Synchronically, shortening occurs in the same paradigmatic contexts in the area of Dongeradiel, which geographically is in the far northeast of the language area. As far as is known, this only takes place in stems ending in a voiceless stop. So, with the verb slepeto drag we have the regular first person singular ik sleepI drag in the present tense. But shortened forms are do slipsteyou (SG) drag, hy slipthe drags, ik slipteI dragged and ik haw sliptI have dragged. Other verbs that show this behaviour are for example slopeto demolish/slo:pə/, smoketo smoke/smo:kə/ and stoketo heat/sto:kə/. In the dialect of the neighboring island of Schiermonnikoog the same kind of shortening occurs, again with long stems ending in /p/ or /k/. Correspondingly, the shortening vowels in that dialect are /e:/ and /ø:/ (original /o:/ has been fronted). One might therefore tentatively conclude that only mid vowels are involved in this type of shortening. The driving force seems to be a complex consonant cluster. That will be the reason why we only find it with the voiceless stops /p/ and /k/, and not with their sibling /t/. After suffixation the final /t/ of the stem deletes by degemination (for the suffixes -t and -te)n) or t-deletion before the suffix -st. In this case we do not get a complex cluster.

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x Literature

The shortenings in the Dongeradiel dialect are observed in Hoekstra (1990). The shortening on the island of Schiermonnikoog is shortly dealt with in Fokkema (1969:35-36). Shortening also took place historically. It left its traces in a few irregular verbs.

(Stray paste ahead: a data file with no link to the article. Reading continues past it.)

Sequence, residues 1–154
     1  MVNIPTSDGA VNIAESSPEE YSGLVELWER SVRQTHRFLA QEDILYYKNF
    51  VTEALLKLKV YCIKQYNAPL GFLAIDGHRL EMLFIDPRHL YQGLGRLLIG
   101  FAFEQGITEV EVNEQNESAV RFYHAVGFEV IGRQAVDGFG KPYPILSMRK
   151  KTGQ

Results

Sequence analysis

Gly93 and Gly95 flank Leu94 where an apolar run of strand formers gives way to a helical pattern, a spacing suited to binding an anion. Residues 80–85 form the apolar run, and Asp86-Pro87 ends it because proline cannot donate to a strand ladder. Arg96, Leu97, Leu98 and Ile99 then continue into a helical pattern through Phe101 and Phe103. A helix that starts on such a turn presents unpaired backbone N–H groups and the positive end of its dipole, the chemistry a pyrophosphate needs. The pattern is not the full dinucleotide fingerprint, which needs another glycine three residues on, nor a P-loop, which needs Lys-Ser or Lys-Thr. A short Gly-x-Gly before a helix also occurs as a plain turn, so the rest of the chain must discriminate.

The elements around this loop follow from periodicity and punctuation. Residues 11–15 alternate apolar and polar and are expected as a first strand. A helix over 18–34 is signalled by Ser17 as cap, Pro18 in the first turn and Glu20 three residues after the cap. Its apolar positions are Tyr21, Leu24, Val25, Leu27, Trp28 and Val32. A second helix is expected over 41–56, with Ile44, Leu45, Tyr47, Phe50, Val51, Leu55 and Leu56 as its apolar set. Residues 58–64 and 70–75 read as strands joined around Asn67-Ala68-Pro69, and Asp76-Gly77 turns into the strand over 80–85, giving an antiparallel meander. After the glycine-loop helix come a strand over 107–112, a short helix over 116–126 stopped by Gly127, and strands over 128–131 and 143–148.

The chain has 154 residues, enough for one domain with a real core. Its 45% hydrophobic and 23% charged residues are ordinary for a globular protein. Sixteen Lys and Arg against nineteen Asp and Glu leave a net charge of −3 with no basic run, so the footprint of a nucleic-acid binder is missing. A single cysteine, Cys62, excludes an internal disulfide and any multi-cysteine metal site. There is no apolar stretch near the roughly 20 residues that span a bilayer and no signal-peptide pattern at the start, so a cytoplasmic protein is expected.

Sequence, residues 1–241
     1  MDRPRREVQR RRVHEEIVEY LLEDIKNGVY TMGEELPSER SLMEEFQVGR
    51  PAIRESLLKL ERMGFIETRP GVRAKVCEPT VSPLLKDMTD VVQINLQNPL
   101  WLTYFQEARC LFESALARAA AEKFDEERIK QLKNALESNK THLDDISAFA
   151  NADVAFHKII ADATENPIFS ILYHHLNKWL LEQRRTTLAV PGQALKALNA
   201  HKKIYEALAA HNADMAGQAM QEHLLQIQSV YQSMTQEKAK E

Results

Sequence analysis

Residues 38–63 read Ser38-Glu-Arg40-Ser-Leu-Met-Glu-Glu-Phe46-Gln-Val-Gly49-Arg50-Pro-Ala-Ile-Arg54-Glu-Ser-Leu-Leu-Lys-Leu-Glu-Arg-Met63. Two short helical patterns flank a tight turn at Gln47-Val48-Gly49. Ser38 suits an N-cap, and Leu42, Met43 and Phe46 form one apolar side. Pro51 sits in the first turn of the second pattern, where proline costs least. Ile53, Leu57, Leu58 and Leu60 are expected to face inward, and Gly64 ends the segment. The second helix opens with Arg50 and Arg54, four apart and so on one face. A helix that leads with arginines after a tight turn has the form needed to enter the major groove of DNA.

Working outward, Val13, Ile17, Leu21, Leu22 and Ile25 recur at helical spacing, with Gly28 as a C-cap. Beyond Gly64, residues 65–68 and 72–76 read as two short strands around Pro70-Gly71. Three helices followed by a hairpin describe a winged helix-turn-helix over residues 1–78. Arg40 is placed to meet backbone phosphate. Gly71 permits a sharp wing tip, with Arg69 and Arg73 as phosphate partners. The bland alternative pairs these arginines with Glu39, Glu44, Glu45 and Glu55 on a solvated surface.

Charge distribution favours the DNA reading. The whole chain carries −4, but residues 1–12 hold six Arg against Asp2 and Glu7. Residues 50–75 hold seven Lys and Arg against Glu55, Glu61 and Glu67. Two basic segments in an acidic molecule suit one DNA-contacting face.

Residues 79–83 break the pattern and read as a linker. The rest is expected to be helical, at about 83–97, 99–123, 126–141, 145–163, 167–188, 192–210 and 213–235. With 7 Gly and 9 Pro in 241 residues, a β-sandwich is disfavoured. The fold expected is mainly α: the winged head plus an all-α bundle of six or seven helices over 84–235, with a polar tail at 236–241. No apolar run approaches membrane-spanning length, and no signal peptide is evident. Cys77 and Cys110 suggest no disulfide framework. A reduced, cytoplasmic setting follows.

The dialect of Schiermonnikoog also shows the opposite of shortening, i.e. lengthening, and this even on a much larger scale. Lengthening occurs in class II with stems having a short vowel when followed by one consonant, and if this stem is followed by a suffix beginning with a schwa. In that case, the stem vowel is in an open syllable, which is a condition for lengthening. As an illustration, take the verb winjeto live, which is pronounced as [vInjə]. The present tense singular forms are: ik winje - dò weneste - hy wene. In the first person form winje we have a closed syllable, and the vowel remains short. In weneste and wene an open syllable is created, with subsequent lengthening to /e:/. It should be noted, however, that not all potential candidate verbs are affected by the process.

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x Literature

More on this type of lengthening in Fokkema (1969:38-40) and Visser and Dyk (2002:xxxvi).

[+] Shorter suffixes after schwa syllables in class II

Stems with a final syllable having a schwa as nucleus always belong to class II. In this class, various inflectional suffixes also contain a schwa. The schwa of the suffixes -est and -et may delete, then, which has the effect that a sequence of two schwa syllables is avoided and, hence, that the verbal form has one syllable less. As an example, do stammerestyou.SG stammer.2SG.PRES turns to do stammerst, and hy stammerethe stammers becomes hy stammert. There is a restriction on this process, however. For the second person of the verbs of class II, the form of the present and past tense are similar: both are stammerest. Now, it appears that schwa-deletion only takes place in the present tense. Here is an example with the verb tekenjeto draw that illuminates the contrast:

Example 9

a. Do tekenst hjoed popkes
you.SG draw.2SG.PRES today figurines
You are drawing figures today
b. *Do tekenst juster popkes
you.2SG draw.2SG.PRET yesterday figurines
You drew figures yesterday

We thus see that this type of schwa deletion is used to discriminate between tenses.